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Mental health triage[1] is a clinical function conducted at point of entry to health services which aims to assess and categorize the urgency of mental health related problems. The mental health triage service may be located in the Emergency Department, Community Mental Health Services, Call Centre, or co-located with other specialist mental health services such as the Crisis Assessment and Treatment Team. Emergency Services such as police and ambulance may also have a co-located mental health triage service. There is considerable variation in the clinical settings in which mental health triage services may be operating, therefore service delivery models vary, however, the essential function is to determine the nature and severity of the mental health problem, determine which service response would best meet the needs of the patient, and how urgently the response is required. A core function of mental health triage is to conduct risk assessment that aims to determine whether the patient is a risk of harming self or others as a result of their mental state, and to assess other risks related to mental illness As with other triage models, the mental health triage clinician must assign a category of urgency to the case, which is recorded using verbal indicators of risk such as 'extreme risk' through to 'low risk' , or by using numerical (urgency= time-to-treatment) categories 1 (immediate) to 5 (2 hours), as per the 5-point Australasian Triage Scale. [2]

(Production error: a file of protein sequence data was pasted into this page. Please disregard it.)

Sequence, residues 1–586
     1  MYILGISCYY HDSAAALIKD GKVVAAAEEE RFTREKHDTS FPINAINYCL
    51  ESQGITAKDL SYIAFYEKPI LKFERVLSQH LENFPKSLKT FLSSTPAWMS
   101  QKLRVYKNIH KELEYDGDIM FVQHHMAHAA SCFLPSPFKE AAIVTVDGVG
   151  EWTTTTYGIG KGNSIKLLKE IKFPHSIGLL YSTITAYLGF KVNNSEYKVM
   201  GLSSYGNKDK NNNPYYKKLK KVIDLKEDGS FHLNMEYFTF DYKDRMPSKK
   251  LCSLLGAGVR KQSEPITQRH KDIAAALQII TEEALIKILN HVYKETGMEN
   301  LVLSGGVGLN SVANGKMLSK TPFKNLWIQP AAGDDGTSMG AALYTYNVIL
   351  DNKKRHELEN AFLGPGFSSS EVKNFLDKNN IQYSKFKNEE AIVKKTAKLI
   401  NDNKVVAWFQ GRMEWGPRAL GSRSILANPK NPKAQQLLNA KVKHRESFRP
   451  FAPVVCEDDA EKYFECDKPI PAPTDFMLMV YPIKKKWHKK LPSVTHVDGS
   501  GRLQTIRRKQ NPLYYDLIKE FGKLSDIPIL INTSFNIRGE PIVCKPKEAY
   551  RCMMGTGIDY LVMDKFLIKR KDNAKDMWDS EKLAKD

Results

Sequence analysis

1. Sands, N. (2007). Mental health triage: Caring for the Australian Community. Issues, 80, p35-38.
  2. Sands, N. (2007). An ABC approach to assessing the risk of violence at triage. Australasian Emergency Nursing Journal, 10, 107-109.
  3. Sands, N. (2007). Assessing the risk of suicide at triage. Australasian Emergency Nursing Journal. 10, 161– 163
  4. Sands, N., Mental health triage nursing: An Australian Perspective. Journal of Psychiatric and Mental Health Nursing, 2004. 11:p 150-155.
  5. Sands, N., (2006). Mental health triage: Toward a model for nursing practice. Journal of Psychiatric and Mental

Health Nursing, 14, 243-249.

  1. Gerdtz, M.F, J. Considine, N. Sands, D. Crellin, W. Pollock and C. Steward. (2007). Triage Education Resource Kit. Canberra. Commonwealth Department of Health and Aging.

Mental Health Triage Education University of Melbourne

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